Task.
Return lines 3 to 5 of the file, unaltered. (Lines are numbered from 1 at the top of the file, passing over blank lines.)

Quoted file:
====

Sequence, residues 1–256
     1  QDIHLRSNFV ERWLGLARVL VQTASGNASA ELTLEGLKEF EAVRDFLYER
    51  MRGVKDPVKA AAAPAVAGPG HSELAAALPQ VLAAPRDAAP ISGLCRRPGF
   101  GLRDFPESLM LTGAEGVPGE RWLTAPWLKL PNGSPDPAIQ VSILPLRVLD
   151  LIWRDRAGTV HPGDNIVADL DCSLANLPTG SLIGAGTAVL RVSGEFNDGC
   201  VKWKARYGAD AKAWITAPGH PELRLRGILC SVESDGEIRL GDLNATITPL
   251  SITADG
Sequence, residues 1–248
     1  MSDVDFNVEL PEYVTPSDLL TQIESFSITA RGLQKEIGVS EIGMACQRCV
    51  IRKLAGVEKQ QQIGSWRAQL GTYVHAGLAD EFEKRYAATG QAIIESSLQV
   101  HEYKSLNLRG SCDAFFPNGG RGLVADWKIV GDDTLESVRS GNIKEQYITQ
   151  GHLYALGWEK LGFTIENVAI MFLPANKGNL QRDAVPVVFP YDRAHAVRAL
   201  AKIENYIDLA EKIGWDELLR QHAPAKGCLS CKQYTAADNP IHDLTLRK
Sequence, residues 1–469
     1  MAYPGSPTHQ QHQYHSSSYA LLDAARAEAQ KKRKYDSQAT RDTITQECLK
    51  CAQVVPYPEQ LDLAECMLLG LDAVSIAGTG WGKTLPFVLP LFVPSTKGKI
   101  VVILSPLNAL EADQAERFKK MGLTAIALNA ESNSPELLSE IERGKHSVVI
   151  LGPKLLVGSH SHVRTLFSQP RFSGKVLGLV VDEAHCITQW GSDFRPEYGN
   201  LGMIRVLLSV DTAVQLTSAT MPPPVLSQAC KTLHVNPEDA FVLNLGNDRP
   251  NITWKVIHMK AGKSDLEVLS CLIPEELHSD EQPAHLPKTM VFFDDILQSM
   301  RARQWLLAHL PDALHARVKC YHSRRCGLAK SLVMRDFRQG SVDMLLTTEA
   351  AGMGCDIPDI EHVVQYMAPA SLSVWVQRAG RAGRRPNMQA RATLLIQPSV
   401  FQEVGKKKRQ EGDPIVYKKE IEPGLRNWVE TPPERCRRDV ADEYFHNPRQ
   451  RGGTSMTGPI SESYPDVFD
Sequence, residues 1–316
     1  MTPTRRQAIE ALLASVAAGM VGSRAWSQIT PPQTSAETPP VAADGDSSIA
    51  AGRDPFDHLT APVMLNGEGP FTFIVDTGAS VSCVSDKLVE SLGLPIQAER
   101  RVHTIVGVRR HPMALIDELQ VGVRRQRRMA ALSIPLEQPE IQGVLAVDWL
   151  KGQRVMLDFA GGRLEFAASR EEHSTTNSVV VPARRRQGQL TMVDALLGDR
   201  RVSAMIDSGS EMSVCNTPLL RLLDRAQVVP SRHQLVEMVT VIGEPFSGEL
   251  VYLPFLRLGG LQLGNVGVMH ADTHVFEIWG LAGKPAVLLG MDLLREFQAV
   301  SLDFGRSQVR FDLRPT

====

    51  MRGVKDPVKA AAAPAVAGPG HSELAAALPQ VLAAPRDAAP ISGLCRRPGF
   101  GLRDFPESLM LTGAEGVPGE RWLTAPWLKL PNGSPDPAIQ VSILPLRVLD
   151  LIWRDRAGTV HPGDNIVADL DCSLANLPTG SLIGAGTAVL RVSGEFNDGC